The impacts of climate change are becoming increasingly apparent in Hungary, and within this mainly in certain regions (for example, the Great Plain). Parallel with global shifts in the climate, clear changes can also be detected in Hungary’s temperature and rainfall data. Over the past three decades (1975-2004), the daytime maximum temperature has climbed 2-3 °C. At the same time, there is an unambiguous trend towards a reduction in the annual rainfall, as indicated by the fact that of the 20 driest years on record, six of those years (30%) fell into the period after 1990. The random chance here would be 16%, in other words, the proportion of very dry years is nearly twice as frequent as one would reckon on with no climate change.
The European Union’s PRUDENCE programme provides an opportunity to generate a highly detailed forecast of expected temperatures and rainfall in the Hungary (Carpathian Basin) region for the 2071-2100 period. Based on the results that assume a scenario of greenhouse gases at their highest increase in concentrations in the atmosphere, it can be established that the region can expect warming in every season, the level of which (compared to the average of the years 1961-90) would be greatest in the summer: 4-5 °C, and smallest in the spring: 3-3.5 °C. The expected tendency in changes in total precipitation will not be the same in the different seasons.
A reduction in precipitation in the summer, and an increase in precipitation in winter, can be expected. The degree of change in precipitation could be of the order of 30-35% in both summer and winter. It is expected that the number of heavy rainfall incidents would rise in the future, while incidents with smaller amounts of rainfall would show a declining tendency.
Changes forecast for Hungary would affect natural ecosystems, natural habitats, forests, agriculture, river and lakes, and the health of humans. Within decades, the summer water levels of Hungary’s rivers could drop to a half of what we currently experience. Without the necessary replenishment of groundwater, it will begin to fall, mainly in valleys and low lying areas such as the Great Plain. On the other hand, storms would become more common, which increases the risk of flash floods. Climate change also has a direct impact on human health: there is a high degree of certainty that the number of deaths resulting from rising temperatures and heatwaves would increase. An increase in pathogens is also associated with global warming – for instance, one forerunner of this process is the spread of ticks.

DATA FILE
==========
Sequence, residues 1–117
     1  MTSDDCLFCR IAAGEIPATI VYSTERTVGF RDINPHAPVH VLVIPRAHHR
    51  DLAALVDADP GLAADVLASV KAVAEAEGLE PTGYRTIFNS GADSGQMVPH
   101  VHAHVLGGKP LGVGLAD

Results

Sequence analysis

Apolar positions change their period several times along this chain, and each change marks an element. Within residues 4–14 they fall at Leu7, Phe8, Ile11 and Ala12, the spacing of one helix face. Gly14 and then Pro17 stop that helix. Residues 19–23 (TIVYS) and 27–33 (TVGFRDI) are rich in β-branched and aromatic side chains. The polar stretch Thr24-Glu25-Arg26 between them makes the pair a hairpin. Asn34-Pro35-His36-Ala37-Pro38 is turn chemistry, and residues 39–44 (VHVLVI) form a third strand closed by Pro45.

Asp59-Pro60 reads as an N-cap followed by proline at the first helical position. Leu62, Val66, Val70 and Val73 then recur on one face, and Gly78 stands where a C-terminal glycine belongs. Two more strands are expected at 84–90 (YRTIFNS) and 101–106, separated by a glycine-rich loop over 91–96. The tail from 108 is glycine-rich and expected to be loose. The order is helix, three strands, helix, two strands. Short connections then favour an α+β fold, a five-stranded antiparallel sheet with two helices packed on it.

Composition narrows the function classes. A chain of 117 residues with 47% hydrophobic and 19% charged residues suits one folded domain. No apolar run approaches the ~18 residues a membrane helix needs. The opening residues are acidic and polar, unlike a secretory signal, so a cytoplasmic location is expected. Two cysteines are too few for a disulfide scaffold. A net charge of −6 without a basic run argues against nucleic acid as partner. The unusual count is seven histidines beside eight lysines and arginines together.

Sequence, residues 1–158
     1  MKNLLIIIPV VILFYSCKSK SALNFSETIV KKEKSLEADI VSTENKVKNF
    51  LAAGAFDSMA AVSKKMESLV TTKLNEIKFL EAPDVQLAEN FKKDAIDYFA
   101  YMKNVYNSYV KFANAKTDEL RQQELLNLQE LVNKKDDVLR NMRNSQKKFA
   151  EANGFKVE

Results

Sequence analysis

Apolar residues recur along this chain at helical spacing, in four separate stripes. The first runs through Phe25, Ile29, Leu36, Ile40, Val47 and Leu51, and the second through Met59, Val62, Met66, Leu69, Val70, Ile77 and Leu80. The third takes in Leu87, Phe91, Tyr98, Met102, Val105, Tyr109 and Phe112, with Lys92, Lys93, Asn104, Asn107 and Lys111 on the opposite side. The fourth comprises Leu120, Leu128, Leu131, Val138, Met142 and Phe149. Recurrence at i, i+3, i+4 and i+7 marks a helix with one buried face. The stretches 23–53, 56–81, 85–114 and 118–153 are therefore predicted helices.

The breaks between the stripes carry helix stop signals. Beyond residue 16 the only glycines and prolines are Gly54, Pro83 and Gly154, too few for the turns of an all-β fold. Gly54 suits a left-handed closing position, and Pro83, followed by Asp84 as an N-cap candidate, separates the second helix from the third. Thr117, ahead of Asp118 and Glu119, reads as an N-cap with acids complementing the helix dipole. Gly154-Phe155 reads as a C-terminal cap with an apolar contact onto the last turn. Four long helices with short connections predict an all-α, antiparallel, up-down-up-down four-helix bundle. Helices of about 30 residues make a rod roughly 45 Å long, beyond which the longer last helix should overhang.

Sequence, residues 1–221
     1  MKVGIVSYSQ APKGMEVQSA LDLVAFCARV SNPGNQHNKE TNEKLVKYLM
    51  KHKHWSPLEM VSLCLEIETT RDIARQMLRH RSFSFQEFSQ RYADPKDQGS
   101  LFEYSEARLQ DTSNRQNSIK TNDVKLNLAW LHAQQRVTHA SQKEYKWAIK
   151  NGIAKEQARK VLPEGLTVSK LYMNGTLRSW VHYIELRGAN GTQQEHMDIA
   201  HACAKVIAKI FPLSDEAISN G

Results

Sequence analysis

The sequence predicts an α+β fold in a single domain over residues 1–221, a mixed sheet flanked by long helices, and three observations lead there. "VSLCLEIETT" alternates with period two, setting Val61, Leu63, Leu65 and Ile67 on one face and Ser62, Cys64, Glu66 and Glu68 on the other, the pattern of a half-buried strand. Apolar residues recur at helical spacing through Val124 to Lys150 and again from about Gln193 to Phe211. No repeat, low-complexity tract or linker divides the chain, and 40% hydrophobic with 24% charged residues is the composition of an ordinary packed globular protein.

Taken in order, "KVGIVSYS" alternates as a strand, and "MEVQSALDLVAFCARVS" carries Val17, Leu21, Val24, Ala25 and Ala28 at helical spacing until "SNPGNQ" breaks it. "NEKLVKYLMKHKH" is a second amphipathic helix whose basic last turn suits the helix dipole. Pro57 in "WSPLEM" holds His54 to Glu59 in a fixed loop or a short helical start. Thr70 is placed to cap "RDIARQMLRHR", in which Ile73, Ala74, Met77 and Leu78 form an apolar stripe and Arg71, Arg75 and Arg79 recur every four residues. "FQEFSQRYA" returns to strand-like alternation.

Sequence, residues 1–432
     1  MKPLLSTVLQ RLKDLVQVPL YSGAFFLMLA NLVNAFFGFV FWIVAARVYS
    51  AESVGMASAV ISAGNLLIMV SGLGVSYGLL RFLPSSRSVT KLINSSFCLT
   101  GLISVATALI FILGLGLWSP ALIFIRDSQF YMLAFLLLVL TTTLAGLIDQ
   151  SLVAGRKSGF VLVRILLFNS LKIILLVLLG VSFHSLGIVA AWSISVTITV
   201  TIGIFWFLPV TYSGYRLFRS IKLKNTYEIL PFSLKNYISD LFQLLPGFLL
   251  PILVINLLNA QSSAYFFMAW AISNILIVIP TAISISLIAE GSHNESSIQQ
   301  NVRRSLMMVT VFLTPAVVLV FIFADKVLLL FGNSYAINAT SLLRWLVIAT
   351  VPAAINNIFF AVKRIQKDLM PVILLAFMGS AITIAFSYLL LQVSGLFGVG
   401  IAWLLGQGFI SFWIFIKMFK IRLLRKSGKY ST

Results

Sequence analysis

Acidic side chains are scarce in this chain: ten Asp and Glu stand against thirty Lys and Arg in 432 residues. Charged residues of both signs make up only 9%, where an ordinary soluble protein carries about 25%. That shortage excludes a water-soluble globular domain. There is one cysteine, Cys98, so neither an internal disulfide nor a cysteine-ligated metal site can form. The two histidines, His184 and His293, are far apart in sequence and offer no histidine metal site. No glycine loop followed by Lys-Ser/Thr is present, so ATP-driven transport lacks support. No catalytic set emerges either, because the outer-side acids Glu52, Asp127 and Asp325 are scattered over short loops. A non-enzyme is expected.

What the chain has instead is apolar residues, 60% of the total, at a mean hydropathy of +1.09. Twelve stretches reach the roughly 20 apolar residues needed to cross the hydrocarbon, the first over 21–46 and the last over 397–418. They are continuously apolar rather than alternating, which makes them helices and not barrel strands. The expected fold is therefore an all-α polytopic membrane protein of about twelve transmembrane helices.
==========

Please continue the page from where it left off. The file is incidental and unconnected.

The so-called VAHAVA report contains these findings. VAHAVA is a joint research project of the Ministry of Environment and Water and the Hungarian Academy of Sciences. The name of the project comes from the Hungarian: Változás-Hatás-Válaszadás (Change-Impact-Response). The VAHAVA Report was drafted as part of a programme launched in 2003 involving several hundred experts, and it was finally published in 2006. Starting out from the facts outlined above, the VAHAVA Report puts forward proposals for the compilation of a National Climate Change Strategy. Section 3 of Act LX of 2007 on the implementation framework of the UN Framework Convention on Climate Change and the Kyoto Protocol stipulates the formation of the National Climate Change Strategy (NÉS), which must be elaborated first for the period 2008-2025. The National Climate Change Programmes (drafted every two years) will implement the National Climate Change Strategy.
Act LX of 2007 stipulates the adoption by the National Assembly of the National Climate Change Strategy in order to determine objectives, instruments, priorities, so particularly tasks connected to Hungarian research on climate change, the causes and impacts thereof, to the reduction of domestic greenhouse gas emissions and to the adaptation to domestic impacts of climate change as well as to the preparation for the domestic impacts and instruments for complying with these objectives.
At its session of 13 February, the government approved the National Climate Change Strategy (NÉS) for 2008-2025. Key chapters of the document include: fulfilment of EU and international commitments; the fight against the impacts of climate change; emission reductions; adaptation to climate change and protection against its ecological-socio-economic impacts; furthermore, the informing of society about climate change and strengthening climate awareness. In the next five years more than HUF 100 billion is being made available for investments connected with climate change protection. In the interest of the implementation of NÉS, the government approved the two-year National Climate Change Programme (NÉP).
Highlighted objectives of the National Climate Change Programme: reduction/restriction of greenhouse gas emissions; adaptation to the effects of climate change in Hungary; research into the cost-effective reduction of domestic emissions and impacts of climate change.